9. Show up late for work. Mule recruiters try very hard to impress upon mules the importance of pulling out any money transfers as quickly as possible. The reason is that, usually within 24 hours, the victim company or its bank will figure out that the a batch of transfers was unauthorized, and will seek to reverse it. If the money is still in the mules’ account when that reversal is initiated, the thieves usually can kiss that money goodbye. For that reason, many mule recruitment groups offer cash incentives to mules who complete their tasks within an hour or two of the mule’s local bank branch opening for the day.

8. In a conversation with your mule recruiter, start any sentence with, “So, I just got a call from my bank’s fraud department…”. [CLICK…DIAL TONE]

7. Complain about your  negative $888,888.88 balance. Bank of America accounts often will be assigned this particular eye-popping but completely arbitrary balance to signify to bank employees that an account is frozen, often due to suspected fraud.

6. Ask to get paid. Money mules sometimes also get roped into reshipping scams, which involve receiving merchandise bought with stolen credit cards. The recruits are asked to then reship the goods to the cyber gangs overseas. According to interviews with several investigators who have worked a number of these reshipping scams, the reshipping mules usually are promised a big check at the end of the month, and in the meantime are sent dozens of packages to reship. Usually, the mule recruiters cease shipping items and all contact with the mules just a few days before the end of the first month, or whenever the mule asks to get paid, whichever comes first.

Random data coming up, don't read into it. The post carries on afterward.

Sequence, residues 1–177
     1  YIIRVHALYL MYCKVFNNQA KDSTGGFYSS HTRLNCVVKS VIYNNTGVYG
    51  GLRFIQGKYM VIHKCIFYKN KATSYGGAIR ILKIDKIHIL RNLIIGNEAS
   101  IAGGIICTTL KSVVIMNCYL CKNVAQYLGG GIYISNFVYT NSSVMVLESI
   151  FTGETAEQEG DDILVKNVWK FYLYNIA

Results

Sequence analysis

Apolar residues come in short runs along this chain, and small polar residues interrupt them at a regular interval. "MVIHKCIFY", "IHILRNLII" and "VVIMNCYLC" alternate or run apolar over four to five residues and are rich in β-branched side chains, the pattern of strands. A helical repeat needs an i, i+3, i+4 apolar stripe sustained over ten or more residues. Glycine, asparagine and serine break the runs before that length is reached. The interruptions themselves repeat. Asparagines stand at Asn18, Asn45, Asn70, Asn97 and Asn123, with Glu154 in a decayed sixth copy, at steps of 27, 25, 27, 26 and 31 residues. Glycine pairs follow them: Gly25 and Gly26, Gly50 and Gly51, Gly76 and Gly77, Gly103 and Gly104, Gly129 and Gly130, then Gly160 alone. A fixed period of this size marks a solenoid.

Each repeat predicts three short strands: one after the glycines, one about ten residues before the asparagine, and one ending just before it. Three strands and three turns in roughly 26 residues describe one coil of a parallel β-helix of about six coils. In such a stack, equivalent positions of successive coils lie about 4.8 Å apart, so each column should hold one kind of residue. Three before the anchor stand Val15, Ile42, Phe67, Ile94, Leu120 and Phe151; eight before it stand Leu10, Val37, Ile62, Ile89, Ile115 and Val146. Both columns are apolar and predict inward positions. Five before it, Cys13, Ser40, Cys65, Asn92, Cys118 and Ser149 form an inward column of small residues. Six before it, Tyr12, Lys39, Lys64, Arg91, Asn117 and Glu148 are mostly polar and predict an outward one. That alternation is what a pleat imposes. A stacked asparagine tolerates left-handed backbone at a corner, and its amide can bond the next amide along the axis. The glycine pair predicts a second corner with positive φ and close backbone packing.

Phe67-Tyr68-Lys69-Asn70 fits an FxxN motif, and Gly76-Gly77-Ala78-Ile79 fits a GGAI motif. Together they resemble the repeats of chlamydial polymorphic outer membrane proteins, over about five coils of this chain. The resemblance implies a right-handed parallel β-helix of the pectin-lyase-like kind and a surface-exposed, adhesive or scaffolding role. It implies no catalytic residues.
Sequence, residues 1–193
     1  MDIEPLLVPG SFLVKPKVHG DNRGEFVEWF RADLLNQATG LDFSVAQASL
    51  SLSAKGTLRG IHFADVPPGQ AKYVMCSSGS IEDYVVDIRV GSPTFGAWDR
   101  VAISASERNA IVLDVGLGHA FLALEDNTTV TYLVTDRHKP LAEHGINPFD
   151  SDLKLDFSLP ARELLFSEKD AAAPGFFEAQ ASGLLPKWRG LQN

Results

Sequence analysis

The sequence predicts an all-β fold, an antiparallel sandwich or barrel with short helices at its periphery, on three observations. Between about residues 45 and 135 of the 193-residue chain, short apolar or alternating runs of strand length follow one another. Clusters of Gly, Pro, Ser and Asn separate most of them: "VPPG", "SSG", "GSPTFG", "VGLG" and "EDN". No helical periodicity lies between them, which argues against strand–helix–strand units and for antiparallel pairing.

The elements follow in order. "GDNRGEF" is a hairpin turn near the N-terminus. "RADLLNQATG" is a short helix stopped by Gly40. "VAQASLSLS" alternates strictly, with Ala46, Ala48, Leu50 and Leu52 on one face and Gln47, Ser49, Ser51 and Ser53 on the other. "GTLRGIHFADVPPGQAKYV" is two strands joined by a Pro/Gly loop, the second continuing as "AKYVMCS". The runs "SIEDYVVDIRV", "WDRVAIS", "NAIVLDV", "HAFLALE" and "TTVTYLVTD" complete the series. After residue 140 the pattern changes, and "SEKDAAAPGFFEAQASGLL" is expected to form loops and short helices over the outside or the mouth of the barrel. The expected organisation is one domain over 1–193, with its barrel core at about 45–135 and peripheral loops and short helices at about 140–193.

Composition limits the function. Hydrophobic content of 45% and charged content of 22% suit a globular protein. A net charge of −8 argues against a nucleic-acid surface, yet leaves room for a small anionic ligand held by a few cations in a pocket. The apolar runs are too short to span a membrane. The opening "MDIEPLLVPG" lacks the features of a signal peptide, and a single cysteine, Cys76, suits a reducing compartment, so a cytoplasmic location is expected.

5. Tell your boss: “Listen, I’m not really comfortable with this Western  Union stuff. Can’t I just send you a check?” Pinkslip!

4. Complain to your recruiter, “Hey, how come my bank account is now showing negative $9,500?”. Whoops.

3. Ask your mule handler, “Hey, do you know a guy named Bobbear?” There’s a good reason why this fearless fraud fighter’s Web site is frequently the target of distributed denial of service attacks.

2. When asked to provide an account into which customer (victim) funds will be transferred, give them an account number with the Police and Fire Federal Credit Union.

…and the number one way to get fired as a money mule?

1. Submit a wrong bank account or routing number. You’d be amazed at how many times the cyber gangs don’t get their money, all because a mule transposed a number. In several cases I’ve investigated, the victim company was first alerted to the fraud because a mule had given an incorrect routing number, causing the victim’s bank to generate an alert about a failed transfer. Bad mule! No commission for you!

14 thoughts on “Top 10 Ways to Get Fired as a Money Mule

  1. Rick

    Wow. Leaves us speechless. Mostly because we’re doubled up with laughter. 😉

  2. d

    Awww… I guess now they will have to find REAL jobs like the rest of us. Hopefully, after sending some time in a small cell with bars.